In December 2003, Meridian entered into a contract with Patock as the general contractor to build an assisted living facility in Wall Township ("the Meridian project"). Patock, in turn, subcontracted with Detail to perform the metal stud, drywall, and carpentry work for the Meridian project. Detail was one of several entities owned and operated by defendant Joe DeSilva. In November 2005, Patock and Detail executed a subcontract priced at $1.2 million. Change orders eventually raised Detail's subcontract price to approximately $1.375 million.
L & W is a supplier of drywall, studs, and related materials. In 2003, L & W opened an account for Joe DeSilva to obtain materials on credit for his several business entities engaged in construction work. During 2006, DeSilva had open accounts with L & W for building projects other than the Meridian project. Through July 2006, L & W sold on credit to DeSilva materials for the Meridian project priced at $231,794.34.
From February 16 to July 10, 2006, Patock paid Detail $891,159.66 for the Meridian subcontract based on monthly requisitions from Detail, which included the costs of the materials supplied by L & W. In June 2006, Patock paid an additional $53,202.74 on behalf of Detail for past due fringe benefits owed to the carpenters' union. Thus the payments from Patock to or on behalf of Detail as of July 2006 totaled $944,362.40.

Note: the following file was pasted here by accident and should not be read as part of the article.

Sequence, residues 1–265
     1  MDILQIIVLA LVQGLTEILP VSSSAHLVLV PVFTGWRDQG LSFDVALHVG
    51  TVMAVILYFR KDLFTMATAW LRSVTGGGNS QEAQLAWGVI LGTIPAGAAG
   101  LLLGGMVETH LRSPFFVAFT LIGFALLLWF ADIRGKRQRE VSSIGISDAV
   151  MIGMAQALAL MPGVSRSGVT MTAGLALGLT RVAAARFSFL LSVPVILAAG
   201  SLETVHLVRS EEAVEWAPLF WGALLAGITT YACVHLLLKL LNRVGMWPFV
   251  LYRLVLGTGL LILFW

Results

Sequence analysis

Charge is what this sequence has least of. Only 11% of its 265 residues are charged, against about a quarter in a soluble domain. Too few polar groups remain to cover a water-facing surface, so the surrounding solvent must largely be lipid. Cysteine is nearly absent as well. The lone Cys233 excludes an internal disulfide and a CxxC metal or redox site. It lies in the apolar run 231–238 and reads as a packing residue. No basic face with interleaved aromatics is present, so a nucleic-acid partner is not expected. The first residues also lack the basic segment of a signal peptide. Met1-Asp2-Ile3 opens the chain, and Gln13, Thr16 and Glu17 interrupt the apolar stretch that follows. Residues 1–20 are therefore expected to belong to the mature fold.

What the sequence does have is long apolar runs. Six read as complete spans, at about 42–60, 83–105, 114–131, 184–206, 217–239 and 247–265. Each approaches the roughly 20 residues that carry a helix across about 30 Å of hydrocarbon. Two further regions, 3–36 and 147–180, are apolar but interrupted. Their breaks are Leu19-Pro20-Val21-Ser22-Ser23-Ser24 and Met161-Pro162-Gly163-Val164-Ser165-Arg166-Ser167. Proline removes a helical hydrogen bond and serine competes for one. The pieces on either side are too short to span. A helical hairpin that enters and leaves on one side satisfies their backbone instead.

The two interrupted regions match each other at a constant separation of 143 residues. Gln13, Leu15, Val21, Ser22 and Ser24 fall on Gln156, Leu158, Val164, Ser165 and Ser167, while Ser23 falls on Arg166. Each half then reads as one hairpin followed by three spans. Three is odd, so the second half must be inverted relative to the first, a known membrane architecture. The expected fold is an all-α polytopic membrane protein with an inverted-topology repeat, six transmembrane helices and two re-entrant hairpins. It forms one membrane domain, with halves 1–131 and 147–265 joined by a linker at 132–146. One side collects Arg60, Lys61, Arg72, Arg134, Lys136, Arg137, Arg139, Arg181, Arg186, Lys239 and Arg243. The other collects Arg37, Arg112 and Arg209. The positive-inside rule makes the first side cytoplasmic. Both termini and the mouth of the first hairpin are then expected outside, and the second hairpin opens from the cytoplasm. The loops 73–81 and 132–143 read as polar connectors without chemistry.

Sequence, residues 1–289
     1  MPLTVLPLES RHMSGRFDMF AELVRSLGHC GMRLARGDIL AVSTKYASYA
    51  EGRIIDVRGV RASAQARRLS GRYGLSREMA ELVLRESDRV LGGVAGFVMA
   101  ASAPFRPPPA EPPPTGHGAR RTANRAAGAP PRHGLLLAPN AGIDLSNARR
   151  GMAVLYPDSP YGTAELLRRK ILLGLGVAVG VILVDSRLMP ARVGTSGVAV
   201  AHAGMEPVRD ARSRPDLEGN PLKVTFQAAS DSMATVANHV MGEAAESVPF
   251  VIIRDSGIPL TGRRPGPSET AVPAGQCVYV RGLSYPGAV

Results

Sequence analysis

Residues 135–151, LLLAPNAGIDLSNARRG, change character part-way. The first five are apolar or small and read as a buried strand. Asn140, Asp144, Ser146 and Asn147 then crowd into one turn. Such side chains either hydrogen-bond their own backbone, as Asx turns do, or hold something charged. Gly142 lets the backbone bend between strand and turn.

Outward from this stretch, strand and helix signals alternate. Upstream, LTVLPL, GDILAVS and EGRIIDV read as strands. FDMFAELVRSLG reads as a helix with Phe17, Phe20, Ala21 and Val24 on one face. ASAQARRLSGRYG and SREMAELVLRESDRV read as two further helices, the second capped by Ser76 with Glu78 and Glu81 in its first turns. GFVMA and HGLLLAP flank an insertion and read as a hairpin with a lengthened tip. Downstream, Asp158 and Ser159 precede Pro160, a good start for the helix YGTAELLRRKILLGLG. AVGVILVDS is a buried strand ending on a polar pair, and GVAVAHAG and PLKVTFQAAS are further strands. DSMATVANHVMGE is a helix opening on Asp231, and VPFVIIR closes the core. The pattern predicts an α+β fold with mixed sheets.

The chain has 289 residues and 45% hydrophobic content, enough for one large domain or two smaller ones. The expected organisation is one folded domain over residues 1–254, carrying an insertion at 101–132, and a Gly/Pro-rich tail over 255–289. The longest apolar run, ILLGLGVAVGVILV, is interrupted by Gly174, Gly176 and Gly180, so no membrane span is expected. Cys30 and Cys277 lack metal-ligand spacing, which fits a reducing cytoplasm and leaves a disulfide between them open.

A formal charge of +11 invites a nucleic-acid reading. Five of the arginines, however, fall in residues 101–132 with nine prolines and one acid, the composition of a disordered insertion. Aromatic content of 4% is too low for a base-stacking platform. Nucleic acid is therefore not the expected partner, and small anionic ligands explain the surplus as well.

During the same time period, Detail paid $207,000 to L & W and another DeSilva entity paid $10,000 to L & W. Of the total $217,000 it received, L & W credited $103,959.45 to the Meridian project and the remaining $113,040.55 to other DeSilva accounts. L & W's accounting left a balance of $127,834.89 unpaid for materials it had delivered to the Meridian project. On July 26, 2006, L & W filed a construction lien in the last-stated amount against the Meridian project.